- “Dairy Intakes at Age 10 Years Do Not Adversely Affect Risk of Excess Adiposity at 13 Years” by Bigornia et al., published in the Journal of Nutrition (2014):
“Adiposity”–had to look this one up. It refers to being severely overweight or obese. So, although they apparently aren’t totally confident about the results of the study, it showed that full-fat dairy seems to protect against being overweight.
- “Involvement of dietary saturated fats, from all sources or of dairy origin only, in insulin resistance and type 2 diabetes” by Morio et al., published in Nutrition Reviews (2016):
This one also comes to the conclusion that full-fat dairy doesn’t affect risk of diabetes. It does, however, suggest limiting total saturated fat since that might change the effects. The paragraph after this is also very careful to point out that studies that making any sweeping generalizations about a specific part of a food, like saturated fatty acids, shouldn’t be done since other aspects of a particular food could also influence a person’s health.
What do other diets that are considered healthy say?
U.S. News ranked the best diets overall and rated the DASH diet as the healthiest, followed by the Mediterranean diet. The DASH diet clearly states that low-fat dairy is preferred, and the Medterranean diet is focused on limiting saturated fat, suggesting that it is also in favor of low-fat dairy options.
Additional thoughts from across the Internet
Articles saying that full-fat dairy may be good:
- From NPR: The Full-Fat Paradox: Dairy Fat Linked To Lower Diabetes Risk
- From Cooking Light: Low-Fat vs Full-Fat: What Science Now Says About the Dairy You Eat
- From Dr. Weil (known for the anti-inflammatory diet): Rethinking Saturated Fat?
And there are many more. It was actually difficult to find any general website not talking about the recent studies showing benefits for full-fat dairy. Still, the following groups still say you should opt for non-fat or low-fat dairy:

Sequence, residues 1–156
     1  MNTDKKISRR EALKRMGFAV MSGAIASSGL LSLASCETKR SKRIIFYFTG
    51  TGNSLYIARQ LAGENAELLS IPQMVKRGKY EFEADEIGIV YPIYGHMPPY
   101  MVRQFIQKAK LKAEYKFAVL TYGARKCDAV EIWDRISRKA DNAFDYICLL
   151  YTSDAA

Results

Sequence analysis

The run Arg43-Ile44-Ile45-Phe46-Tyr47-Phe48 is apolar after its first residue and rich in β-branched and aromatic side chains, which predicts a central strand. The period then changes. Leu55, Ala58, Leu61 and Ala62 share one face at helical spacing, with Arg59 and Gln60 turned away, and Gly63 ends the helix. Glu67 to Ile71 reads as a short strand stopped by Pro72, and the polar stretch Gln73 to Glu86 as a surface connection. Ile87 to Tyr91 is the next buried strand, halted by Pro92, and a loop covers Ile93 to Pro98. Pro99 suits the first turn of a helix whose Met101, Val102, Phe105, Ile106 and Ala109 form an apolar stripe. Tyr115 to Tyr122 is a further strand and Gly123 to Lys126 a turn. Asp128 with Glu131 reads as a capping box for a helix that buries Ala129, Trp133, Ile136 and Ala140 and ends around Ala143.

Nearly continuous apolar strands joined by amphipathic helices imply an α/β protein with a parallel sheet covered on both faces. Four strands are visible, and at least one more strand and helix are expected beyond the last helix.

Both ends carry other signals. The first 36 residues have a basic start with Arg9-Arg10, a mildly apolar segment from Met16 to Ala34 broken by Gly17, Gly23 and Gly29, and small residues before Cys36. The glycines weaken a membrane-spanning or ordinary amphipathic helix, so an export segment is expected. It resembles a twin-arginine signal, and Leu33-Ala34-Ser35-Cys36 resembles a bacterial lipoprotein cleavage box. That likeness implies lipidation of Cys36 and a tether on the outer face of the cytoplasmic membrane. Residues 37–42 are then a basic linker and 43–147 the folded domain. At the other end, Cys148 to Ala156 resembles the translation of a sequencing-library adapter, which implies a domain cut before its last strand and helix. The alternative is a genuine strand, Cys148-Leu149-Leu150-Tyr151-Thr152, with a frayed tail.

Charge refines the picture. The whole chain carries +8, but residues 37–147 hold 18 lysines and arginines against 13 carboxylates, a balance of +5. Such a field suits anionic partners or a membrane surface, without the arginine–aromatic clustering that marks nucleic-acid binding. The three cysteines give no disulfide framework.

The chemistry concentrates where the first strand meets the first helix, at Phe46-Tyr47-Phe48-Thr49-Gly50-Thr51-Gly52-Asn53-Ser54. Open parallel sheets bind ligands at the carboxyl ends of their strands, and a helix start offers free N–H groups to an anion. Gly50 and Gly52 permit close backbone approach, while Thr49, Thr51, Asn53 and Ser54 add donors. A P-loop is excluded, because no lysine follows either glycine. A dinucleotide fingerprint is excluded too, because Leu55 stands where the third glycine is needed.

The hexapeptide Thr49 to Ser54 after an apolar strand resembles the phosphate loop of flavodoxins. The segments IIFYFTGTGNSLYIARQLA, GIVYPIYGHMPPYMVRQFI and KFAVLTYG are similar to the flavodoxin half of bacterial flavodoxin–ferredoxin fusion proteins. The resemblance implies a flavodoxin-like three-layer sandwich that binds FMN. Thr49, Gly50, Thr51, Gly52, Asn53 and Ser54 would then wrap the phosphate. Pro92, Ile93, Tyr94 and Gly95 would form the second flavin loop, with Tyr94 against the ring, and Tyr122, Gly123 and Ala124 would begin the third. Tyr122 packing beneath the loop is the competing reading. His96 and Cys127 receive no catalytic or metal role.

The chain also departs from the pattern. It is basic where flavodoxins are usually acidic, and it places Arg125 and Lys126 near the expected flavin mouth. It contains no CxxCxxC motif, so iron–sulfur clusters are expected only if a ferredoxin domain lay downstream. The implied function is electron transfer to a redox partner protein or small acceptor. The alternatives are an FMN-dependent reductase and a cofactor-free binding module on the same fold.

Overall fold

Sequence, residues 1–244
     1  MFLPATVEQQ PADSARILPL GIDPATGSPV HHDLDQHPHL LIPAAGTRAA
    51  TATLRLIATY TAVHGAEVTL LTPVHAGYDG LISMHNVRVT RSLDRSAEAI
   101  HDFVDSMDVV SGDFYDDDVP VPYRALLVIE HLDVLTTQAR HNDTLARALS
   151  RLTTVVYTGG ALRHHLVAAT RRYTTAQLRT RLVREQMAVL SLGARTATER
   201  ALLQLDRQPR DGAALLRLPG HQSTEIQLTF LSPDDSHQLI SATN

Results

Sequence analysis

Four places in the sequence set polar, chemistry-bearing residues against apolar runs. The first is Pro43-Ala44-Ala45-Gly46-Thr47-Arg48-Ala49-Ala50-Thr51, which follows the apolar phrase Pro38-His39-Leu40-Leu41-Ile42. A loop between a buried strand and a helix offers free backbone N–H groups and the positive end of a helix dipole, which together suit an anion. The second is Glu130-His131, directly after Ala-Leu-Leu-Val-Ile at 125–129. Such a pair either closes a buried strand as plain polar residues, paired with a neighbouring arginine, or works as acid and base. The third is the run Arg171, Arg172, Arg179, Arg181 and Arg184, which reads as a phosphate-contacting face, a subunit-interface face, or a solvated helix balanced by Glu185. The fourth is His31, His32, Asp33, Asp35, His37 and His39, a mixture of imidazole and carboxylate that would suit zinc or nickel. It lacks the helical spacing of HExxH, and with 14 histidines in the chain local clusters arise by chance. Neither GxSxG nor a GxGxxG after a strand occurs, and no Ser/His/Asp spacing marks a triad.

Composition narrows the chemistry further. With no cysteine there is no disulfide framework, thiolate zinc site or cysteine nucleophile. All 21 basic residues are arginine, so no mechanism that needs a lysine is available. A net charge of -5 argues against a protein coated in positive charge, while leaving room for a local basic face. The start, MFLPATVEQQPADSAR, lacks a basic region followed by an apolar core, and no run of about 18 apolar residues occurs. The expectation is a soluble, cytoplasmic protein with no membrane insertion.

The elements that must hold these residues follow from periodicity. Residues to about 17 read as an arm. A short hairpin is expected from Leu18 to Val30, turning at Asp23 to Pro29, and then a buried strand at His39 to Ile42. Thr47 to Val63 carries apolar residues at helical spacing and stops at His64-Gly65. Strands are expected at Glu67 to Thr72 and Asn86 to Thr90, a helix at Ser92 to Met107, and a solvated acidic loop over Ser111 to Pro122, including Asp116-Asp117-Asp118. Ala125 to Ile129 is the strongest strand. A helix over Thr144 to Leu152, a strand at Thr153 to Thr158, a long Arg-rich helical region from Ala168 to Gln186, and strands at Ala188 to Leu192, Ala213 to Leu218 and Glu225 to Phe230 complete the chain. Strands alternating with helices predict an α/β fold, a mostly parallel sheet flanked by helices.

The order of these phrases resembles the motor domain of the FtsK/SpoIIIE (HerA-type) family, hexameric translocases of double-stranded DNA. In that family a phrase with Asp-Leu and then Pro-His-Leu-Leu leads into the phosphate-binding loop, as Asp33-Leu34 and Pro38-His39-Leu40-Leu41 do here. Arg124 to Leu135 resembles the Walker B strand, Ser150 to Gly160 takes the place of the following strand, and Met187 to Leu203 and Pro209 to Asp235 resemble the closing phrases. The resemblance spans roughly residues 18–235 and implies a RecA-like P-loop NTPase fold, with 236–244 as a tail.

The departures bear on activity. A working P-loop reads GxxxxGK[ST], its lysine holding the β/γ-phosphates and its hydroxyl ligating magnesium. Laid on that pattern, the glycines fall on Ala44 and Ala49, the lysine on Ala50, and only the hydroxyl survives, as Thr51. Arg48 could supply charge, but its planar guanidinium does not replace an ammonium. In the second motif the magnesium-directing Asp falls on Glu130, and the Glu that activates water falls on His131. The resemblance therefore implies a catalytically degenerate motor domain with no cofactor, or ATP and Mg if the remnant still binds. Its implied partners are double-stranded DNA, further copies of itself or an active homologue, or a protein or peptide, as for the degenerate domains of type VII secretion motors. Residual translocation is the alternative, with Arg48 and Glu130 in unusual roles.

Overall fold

- The United States Department of Agriculture
- The American Heart Association
Full-fat dairy contains more calories, so I think this may be why most of the diet books go for low-fat and nonfat. If you’re trying to sell a diet book, people that try it need to lose weight; otherwise, you won’t sell many books. People are more likely to lose weight if they reduce calories from dairy, so it makes sense.
However, the books that aren’t focused on weight loss and just generally mention that you might lose a few pounds following their way of eating tend to lean towards the full-fat dairy camp. This could explain, too, why the research falls that way as well but admits that it could cause weight gain.
So perhaps a happy compromise would be to use low-fat and nonfat dairy until you get to your goal weight. Then, once weight loss is not a goal, switch over the full-fat stuff. And if weight isn’t an issue for you, go full-fat, baby!
Feel free to share your views on dairy below!
(NOTE: This post contains affiliate links.)
Don’t you just love the library? I love it more now that I know there’s a 75-book limit! Plus, just like a book store, it’s arranged by topic, so I just browsed the diet books and cookbooks again. And once again, I stumbled upon some interesting finds, one of which was The Chia Seed Diet book.
I had kind of slacked off on my chia use, so I had lots of chia laying around the house that I had just recently started trying to use up, and when I browsed the book, I saw lots of recipes using chia and no sugar. Perfect.
So this book, of course, touts chia as a superfood, full of protein, fiber, and Omega-3s, but I’d say the main idea is that if you add chia to your foods throughout the day, you’ll fill up faster and for longer. Since chia absorbs water and turns to gel in your stomach, (1) you have to drink more water, which will fill you up, and (2) the gel sits in your stomach for awhile, which makes you feel fuller longer.
How I Followed the Diet
The first few days I was determined to add chia to everything that I could mix it into or get it to stick to. However, it didn’t really affect my appetite, so by the second week, I had settled in to adding chia to pretty much the same staples: cereal, yogurt, salads, smoothies, peanut butter, whipped cream, sauces, and bananas. I was getting anywhere between 1 teaspoon to 2 Tablespoons each day.
What I Learned from Doing the Diet